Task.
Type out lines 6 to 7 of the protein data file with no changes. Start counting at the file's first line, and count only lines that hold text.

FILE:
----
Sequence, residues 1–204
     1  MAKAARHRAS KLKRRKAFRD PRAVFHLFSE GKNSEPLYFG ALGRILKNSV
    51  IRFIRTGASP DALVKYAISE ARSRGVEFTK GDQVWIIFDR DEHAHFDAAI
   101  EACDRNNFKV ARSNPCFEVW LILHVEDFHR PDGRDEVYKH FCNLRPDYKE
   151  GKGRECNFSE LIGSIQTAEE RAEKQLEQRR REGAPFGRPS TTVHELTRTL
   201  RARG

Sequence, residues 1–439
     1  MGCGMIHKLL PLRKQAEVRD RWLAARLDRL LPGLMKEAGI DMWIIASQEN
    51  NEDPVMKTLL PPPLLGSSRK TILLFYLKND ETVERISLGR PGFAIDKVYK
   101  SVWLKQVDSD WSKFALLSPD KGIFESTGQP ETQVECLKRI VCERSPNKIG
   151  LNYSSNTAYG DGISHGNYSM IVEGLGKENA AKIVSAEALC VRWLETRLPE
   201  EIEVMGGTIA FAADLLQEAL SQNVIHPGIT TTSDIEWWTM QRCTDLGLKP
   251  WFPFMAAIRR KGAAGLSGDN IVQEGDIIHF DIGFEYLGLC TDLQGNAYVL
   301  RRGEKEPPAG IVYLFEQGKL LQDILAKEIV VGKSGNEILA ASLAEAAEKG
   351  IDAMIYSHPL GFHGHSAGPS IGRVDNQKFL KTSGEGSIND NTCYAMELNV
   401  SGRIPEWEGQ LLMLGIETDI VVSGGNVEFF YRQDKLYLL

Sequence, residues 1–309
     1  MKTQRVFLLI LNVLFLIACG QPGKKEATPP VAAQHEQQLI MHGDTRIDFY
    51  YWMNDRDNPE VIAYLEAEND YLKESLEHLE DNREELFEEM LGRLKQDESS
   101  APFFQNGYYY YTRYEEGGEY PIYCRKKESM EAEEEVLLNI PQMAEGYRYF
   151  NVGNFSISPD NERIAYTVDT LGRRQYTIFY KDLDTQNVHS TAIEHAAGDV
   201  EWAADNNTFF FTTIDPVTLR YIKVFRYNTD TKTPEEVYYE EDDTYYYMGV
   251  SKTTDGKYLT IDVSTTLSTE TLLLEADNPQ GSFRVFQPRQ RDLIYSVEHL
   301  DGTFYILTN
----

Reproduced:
   201  RARG

Sequence, residues 1–439